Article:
The Innocents (1961)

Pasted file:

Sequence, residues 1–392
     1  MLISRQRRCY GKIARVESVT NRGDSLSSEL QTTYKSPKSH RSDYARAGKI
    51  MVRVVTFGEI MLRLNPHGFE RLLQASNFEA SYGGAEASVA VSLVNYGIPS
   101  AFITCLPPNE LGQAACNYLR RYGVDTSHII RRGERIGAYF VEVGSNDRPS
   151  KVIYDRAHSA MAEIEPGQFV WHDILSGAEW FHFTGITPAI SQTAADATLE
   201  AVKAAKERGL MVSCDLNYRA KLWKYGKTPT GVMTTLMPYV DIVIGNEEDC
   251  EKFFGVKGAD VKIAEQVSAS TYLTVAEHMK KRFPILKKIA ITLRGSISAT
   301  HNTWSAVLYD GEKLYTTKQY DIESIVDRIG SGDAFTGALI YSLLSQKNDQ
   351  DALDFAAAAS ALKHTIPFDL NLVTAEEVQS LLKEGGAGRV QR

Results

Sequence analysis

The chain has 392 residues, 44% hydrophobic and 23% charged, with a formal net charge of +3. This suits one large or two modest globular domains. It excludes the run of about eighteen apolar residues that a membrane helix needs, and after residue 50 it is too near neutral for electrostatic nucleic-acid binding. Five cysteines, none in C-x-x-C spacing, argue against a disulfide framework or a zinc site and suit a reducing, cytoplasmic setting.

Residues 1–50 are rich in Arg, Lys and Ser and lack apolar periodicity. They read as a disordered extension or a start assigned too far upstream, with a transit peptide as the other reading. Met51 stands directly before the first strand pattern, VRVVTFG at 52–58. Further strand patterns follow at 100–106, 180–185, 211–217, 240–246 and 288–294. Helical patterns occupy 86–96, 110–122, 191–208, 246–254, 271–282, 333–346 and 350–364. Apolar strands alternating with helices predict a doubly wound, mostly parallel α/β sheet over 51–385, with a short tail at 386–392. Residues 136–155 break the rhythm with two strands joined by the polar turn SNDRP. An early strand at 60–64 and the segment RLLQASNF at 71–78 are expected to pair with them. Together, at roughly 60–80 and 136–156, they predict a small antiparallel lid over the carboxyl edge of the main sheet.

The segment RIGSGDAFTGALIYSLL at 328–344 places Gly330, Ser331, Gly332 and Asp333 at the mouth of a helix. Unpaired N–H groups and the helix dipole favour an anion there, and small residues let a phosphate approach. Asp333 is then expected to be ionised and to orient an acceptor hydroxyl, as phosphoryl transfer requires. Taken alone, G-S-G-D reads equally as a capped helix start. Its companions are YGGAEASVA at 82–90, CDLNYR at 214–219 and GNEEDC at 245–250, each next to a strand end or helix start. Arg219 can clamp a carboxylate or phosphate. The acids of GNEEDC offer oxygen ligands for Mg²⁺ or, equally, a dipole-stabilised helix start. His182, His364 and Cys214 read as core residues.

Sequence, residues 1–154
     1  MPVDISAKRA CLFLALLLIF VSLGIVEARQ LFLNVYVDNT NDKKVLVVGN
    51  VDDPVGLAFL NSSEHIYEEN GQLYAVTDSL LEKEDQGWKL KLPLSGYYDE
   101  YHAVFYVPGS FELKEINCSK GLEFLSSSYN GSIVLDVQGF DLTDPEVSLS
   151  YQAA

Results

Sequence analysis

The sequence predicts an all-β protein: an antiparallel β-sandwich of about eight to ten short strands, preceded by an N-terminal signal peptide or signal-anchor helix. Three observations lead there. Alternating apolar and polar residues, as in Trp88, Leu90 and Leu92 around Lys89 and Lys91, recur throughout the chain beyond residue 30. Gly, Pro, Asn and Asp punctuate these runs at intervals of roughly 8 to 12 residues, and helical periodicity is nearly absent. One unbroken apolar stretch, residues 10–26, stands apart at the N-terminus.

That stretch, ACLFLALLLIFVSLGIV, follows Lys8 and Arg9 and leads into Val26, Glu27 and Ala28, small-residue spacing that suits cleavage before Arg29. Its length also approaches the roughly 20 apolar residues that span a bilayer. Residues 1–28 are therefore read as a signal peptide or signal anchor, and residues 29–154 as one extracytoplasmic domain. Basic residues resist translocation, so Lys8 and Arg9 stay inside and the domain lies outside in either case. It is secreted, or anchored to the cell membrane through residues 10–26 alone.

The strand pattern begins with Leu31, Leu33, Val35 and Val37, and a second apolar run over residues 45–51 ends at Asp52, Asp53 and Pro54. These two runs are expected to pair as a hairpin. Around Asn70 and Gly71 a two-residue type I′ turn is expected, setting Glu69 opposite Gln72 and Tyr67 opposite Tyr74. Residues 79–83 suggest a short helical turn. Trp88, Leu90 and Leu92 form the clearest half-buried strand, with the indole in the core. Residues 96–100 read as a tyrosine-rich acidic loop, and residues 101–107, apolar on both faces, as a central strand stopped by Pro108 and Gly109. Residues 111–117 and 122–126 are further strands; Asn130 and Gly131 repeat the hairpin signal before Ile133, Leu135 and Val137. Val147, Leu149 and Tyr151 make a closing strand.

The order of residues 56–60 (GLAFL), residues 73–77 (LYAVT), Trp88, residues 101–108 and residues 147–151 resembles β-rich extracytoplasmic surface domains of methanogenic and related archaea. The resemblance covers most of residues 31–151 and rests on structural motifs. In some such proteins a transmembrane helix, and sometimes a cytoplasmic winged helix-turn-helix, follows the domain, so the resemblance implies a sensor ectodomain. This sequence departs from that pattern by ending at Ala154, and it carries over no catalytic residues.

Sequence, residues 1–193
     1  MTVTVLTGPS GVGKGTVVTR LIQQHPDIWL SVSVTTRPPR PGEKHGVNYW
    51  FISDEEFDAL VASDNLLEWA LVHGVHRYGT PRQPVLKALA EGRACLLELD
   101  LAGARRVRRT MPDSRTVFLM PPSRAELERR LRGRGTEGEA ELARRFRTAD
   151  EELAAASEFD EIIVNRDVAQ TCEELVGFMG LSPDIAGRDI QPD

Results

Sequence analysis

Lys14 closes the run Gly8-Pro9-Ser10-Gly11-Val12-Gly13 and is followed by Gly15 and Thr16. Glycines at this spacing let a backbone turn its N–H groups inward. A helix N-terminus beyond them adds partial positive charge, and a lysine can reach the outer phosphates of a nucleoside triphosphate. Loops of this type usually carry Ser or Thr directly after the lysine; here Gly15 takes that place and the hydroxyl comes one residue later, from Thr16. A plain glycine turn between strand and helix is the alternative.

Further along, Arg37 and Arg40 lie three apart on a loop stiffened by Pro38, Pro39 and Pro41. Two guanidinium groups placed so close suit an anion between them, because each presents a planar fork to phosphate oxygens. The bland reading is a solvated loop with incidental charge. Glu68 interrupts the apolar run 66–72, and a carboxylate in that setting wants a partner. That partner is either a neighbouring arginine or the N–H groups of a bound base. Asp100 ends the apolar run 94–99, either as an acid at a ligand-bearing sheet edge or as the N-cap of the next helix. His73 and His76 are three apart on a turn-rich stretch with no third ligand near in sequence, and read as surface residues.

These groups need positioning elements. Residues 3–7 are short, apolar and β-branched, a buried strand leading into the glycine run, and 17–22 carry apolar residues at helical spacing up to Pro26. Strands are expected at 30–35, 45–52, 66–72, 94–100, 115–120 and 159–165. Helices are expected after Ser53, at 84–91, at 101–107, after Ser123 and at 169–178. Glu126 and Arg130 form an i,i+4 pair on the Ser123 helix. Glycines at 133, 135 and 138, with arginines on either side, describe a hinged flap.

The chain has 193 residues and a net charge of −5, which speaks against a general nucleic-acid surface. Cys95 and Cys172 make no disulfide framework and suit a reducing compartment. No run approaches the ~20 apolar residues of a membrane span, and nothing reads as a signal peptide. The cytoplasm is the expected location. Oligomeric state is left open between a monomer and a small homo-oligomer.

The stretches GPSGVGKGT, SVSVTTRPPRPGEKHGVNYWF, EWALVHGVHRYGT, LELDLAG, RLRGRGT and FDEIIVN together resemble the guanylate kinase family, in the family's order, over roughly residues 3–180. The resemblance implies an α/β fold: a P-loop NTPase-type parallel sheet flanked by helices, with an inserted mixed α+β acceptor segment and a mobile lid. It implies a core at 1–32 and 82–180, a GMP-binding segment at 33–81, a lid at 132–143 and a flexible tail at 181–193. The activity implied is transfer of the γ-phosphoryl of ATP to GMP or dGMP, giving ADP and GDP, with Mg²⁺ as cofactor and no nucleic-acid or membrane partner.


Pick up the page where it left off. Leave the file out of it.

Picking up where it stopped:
It was a stroke of genius to cast Deborah Kerr as the neurotic governess in this dark, eerie adaptation of Henry James' Victorian psychological thriller The Turn of the Screw. Kerr--whose serene, singularly British bearing frequently won her roles as stern but loving authority figures (teachers in The King and I and Tea and Sympathy, nuns in Black Narcissus and Heaven Knows, Mr. Allison)--uses her regal guilelessness to further confound the disturbing uncertainty surrounding a governess on her first assignment, looking after the niece and nephew of a wealthy, irresponsible charmer (an extended cameo by Michael Redgrave). Delighted by her charges, angelic Flora (Pamela Franklin) and playful Miles (Martin Stephens, a wicked little devil in the previous year's Village of the Damned), Kerr's Miss Giddens nevertheless begins to suspect that they are being haunted by the ghosts of their former governess, the long-suffering Miss Jessel, and the brash and sinister valet Peter Quint. But are the ghosts real, or merely a figment of Miss Giddens' overactive imagination, given fuel by frustrated passions? Director Jack Clayton (working from a script co-written by Truman Capote) expertly whips equal measures of sympathy for and misgivings about Kerr's increasingly frenzied protagonist while gradually turning the children into more than just innocent victims. The Innocents will assuredly leave you creeped out--but you'll just have to watch it again.